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Figure 4.12: Summary Advisor Wizard—view/modify recommendations.

Once the required modifications are made, you can press the Next button in Figure 4.11 to see the SQL required to implement the recommendations, as shown in Figure 4.13. You can also save the generated SQL statements to a file. Pressing the Finish button will implement the recommendations. In order to implement the recommendations, you must have the requisite privileges.

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Figure 4.13: Summary Advisor Wizard—implement recommendations.

Next, we will see how to run the summary advisor on the command line.

4.7.2 Using the DBMS_OLAP package

The Summary Advisor can be run without the graphical interface using the procedures in the DBMS_OLAP package. We will show a typical session using the Summary Advisor APIs.

Loading workload

The first step to run the Summary Advisor is to load the workload. The workload can be loaded from the SQL cache, a user-defined table, or generated using the dimension and constraint information in the database. In the following example, we load the workload from the SQL cache using the LOAD_WORKLOAD_CACHE procedure. Before issuing the API to load the workload, you must create an identifier for the workload using the CREATE_ID procedure. This will later be provided to the RECOMMEND_MVIEW_STRATEGY procedure.

 Variable workload_id number; EXECUTE DBMS_OLAP.CREATE_ID(:workload_id); EXECUTE DBMS_OLAP.LOAD_WORKLOAD_CACHE (:workload_id,                                        DBMS_OLAP.WORKLOAD_NEW,                                        DBMS_OLAP.FILTER_NONE,                                        'Easydw', 1); 

User-defined workload

Sometimes you may have a specific set of SQL statements you wish to tune. The SQL cache may not accurately represent these statements. In this case, you can place your statements in a table and use the LOAD_WORKLOAD_USER procedure to provide this workload to the Summary Advisor. The user workload table must at the minimum specify the query text and the user executing the query. To get better recommendations, you should provide some statistics, such as frequency and response time, if available.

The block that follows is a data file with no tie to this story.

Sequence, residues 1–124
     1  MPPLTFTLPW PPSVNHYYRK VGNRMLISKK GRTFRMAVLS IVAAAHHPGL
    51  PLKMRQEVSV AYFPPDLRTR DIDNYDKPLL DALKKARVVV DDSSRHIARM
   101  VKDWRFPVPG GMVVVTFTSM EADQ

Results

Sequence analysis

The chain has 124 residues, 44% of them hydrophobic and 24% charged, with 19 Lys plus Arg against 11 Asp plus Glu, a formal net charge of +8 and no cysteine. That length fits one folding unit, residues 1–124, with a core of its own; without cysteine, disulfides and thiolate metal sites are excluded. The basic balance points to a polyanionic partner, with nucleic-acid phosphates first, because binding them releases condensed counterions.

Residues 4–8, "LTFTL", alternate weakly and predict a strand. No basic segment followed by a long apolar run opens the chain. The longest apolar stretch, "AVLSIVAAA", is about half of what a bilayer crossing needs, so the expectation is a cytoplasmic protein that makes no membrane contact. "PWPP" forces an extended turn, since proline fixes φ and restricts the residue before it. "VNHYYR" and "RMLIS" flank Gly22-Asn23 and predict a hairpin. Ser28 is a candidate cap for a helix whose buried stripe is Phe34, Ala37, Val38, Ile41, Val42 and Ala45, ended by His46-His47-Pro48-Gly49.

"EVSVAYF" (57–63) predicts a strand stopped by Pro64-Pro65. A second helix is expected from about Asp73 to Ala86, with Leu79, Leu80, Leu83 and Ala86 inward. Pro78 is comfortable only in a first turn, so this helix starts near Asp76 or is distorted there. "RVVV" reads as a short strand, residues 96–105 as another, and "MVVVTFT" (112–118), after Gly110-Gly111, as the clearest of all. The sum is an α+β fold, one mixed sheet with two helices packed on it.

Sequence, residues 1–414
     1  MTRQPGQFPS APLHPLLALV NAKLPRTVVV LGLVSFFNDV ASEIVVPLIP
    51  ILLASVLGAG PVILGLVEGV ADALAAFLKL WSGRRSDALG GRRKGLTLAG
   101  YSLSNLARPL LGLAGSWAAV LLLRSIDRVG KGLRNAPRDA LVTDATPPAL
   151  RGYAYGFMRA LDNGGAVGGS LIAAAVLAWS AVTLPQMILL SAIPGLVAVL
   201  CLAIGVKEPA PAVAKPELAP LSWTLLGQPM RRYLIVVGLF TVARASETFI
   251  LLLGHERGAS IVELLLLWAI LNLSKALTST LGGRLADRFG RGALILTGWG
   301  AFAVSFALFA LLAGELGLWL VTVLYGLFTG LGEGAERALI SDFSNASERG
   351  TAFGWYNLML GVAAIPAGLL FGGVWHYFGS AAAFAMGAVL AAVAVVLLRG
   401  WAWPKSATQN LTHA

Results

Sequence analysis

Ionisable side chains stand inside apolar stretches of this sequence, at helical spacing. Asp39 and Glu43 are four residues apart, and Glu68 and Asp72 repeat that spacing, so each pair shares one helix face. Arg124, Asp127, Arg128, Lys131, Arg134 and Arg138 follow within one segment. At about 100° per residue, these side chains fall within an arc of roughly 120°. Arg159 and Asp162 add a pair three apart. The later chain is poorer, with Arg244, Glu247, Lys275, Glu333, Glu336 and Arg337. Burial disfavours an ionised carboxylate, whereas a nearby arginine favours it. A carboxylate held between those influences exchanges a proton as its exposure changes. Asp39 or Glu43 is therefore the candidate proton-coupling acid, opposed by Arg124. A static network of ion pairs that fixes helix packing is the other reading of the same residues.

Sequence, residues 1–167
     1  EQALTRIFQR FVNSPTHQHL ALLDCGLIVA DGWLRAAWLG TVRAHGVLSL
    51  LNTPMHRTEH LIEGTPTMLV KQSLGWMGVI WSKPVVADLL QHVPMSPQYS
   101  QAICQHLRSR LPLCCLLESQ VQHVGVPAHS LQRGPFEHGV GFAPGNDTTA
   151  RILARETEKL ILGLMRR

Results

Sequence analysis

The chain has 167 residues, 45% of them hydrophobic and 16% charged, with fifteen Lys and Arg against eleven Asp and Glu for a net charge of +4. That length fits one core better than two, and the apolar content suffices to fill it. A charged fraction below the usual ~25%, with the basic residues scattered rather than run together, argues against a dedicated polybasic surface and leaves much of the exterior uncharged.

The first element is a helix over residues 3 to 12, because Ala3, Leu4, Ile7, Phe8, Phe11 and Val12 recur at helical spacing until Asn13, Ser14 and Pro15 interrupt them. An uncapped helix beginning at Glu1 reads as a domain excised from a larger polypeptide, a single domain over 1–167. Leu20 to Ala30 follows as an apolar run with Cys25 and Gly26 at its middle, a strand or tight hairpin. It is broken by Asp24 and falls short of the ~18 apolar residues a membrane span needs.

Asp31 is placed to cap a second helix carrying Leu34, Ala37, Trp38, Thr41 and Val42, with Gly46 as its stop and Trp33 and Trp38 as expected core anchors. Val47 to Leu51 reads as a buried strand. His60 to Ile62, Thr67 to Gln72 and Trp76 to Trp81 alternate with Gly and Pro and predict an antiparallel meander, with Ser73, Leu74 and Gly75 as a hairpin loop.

The following example shows the format of a user workload table and how it is loaded.

 CREATE TABLE my_workload (query           varchar2(2000) not null,  owner           varchar2(30)   not null,  application     varchar2(30),  frequency       number,  lastuse         number,  priority        number,  responsetime    number,  resultsize      number,  sql_addr        number,  sql_hash        number ); <insert workload statements into my_workload> variable workload_id number; execute dbms_olap.create_id (:workload_id); execute DBMS_OLAP.LOAD_WORKLOAD_USER (:workload_id,                                       DBMS_OLAP.WORKLOAD_NEW,                                       DBMS_OLAP.FILTER_NONE,                                       'EASYDW', 'MY_WORKLOAD'); 

Once the workload is loaded, you follow the remaining steps, discussed in the following text, to obtain recommendations.


As discussed earlier, filters can be used to reduce the number of queries to be analyzed. Filters can be based on tables or schemas referenced in the queries, frequency, response time, cardinality of tables, or a user-defined priority field (for user-defined workload). In the following example, we will create a filter that only picks queries that have EASYDW tables in them. This narrows the focus of the Advisor, thereby reducing its analysis time. Further, we will only choose queries that occur at least ten times. As with the workload, you must create an identifier for the filter using the CREATE_ID procedure. We will use this identifier to provide the filter to the recommendation procedure.

 Variable filter_id number; EXECUTE DBMS_OLAP.CREATE_ID(:filter_id); EXECUTE DBMS_OLAP.ADD_FILTER_ITEM(:filter_id, 'SCHEMA',  'EASYDW',                                    NULL, NULL, NULL, NULL); EXECUTE  DBMS_OLAP.ADD_FILTER_ITEM (:filter_id,  'FREQUENCY',                                    NULL, 10, NULL, NULL, NULL); 

Recommending materialized views